Why Won't an HDMI Cord Fit Into My Laptop?
By Richard Asmus
Laptop computers come in a wide range of prices and models for many different uses. A laptop that is set up for a student has far different features than one for a professor or salesperson who uses it for customer presentations. Since laptops have a viewing screen included in the lid, any video output connects to an auxiliary device. An HDMI port offers an output for video and audio on a single cable.
HDMI was developed in 2002 as a way to connect components together in high-definition television systems, putting video and audio signals in the same cable. Version 1.4, issued in 2009, added several other features, including an Ethernet channel to make Internet connections to all devices in a home entertainment system that use Internet support. This feature added another reason to connect a computer or laptop to a home entertainment system by way of an HDMI port, and more computer models started including them.
The video portion of the HDMI format evolved from digital video interface (DVI) that was developed in 1999 specifically for computer monitors for a video signal only, without including audio. After the development of HDMI, laptops started adding HDMI ports to connect the internal DVD player to home entertainment systems. But before that started, laptops provided DVI ports for digital connections to external monitors, VGA ports for analog connections or composite video outputs for connections to TV screens. The audio signals went to speakers or headphones.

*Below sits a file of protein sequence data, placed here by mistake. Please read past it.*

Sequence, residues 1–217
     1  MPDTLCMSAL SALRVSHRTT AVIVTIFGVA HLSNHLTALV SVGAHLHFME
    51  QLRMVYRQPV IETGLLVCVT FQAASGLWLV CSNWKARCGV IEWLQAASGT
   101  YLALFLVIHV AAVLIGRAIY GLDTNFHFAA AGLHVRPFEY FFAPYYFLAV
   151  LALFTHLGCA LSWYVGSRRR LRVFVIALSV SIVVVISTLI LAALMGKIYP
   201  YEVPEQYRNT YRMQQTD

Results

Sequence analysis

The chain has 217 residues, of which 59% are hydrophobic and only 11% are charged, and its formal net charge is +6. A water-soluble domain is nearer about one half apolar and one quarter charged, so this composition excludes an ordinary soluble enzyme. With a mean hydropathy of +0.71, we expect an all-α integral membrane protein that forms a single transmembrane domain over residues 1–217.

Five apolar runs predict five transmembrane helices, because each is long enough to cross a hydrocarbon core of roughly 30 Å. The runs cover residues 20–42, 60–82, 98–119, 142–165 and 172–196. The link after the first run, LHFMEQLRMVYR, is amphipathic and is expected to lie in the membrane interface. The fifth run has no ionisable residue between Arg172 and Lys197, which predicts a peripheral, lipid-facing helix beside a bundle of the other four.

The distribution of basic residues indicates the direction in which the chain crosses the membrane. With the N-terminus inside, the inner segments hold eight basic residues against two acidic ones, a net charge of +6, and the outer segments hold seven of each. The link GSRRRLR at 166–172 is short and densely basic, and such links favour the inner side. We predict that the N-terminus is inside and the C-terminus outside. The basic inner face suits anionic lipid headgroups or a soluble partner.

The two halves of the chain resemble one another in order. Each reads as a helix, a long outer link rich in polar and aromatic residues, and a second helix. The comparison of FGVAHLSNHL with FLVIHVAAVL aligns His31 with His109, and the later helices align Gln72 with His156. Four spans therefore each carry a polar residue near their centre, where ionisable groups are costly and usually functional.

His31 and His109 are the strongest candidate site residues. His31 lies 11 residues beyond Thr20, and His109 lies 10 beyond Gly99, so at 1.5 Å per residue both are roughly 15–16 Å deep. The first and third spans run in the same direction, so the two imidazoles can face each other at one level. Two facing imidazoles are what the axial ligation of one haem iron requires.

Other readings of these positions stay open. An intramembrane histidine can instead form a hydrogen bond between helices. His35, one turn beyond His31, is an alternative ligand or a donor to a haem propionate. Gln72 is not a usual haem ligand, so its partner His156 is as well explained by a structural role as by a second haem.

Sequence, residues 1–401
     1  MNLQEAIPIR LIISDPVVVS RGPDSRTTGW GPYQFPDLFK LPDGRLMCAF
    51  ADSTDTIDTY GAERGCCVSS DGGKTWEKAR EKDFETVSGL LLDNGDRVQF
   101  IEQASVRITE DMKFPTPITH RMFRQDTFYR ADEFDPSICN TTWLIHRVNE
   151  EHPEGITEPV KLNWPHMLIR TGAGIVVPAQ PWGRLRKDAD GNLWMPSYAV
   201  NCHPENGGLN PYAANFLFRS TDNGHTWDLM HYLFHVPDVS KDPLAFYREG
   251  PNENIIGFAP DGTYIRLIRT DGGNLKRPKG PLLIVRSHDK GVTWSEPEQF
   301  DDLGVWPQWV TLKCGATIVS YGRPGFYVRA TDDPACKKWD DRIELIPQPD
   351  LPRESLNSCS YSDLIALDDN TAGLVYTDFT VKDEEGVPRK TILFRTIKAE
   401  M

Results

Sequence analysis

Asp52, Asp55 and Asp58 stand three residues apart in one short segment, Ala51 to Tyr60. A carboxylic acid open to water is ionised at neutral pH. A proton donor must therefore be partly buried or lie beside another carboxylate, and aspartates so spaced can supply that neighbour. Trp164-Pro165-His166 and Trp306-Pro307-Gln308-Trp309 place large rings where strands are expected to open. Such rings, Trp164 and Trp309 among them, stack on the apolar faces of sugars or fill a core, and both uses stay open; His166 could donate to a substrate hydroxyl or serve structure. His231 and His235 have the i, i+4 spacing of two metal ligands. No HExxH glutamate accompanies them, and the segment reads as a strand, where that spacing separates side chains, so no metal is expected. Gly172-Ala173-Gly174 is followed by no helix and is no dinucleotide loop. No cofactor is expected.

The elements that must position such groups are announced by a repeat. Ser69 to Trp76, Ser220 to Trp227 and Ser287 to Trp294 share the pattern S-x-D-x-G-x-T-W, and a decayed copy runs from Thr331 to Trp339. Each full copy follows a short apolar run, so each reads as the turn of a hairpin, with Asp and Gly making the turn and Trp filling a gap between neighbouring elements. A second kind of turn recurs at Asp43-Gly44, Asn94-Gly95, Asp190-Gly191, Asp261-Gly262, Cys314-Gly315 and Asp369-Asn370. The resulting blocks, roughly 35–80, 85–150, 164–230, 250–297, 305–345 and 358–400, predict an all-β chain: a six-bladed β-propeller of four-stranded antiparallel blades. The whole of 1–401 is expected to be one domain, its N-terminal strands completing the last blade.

Not Properly Equipped
Although a laptop will almost always have an audio signal output for speakers or a headphone, it will only have an auxiliary video output if it needs one. The internal video card in a laptop works mostly to send signals to the screen in the lid. Since space is limited in a laptop, additional components for external video won't be included unless the laptop's overall design includes it. Therefore a laptop won't have an HDMI port if it doesn't have the internal components to support it.
If your laptop has a video output, you can use a converter to change it to HDMI. If it doesn't, you can purchase an adapter that connects to your laptop via a vacant USB port. Make the HDMI connection to the converter and use the laptop to program it. But your laptop must have compatible features with the converter. Check your operating system, video options, disc space, processor type and speed and RAM capacity, and compare them to the requirements of the various HDMI converters.
Richard Asmus was a writer and producer of television commercials in Phoenix, Arizona, and now is retired in Peru. After founding a small telecommunications engineering corporation and visiting 37 countries, Asmus studied broadcasting at Arizona State University and earned his Master of Fine Arts at Brooklyn College in New York.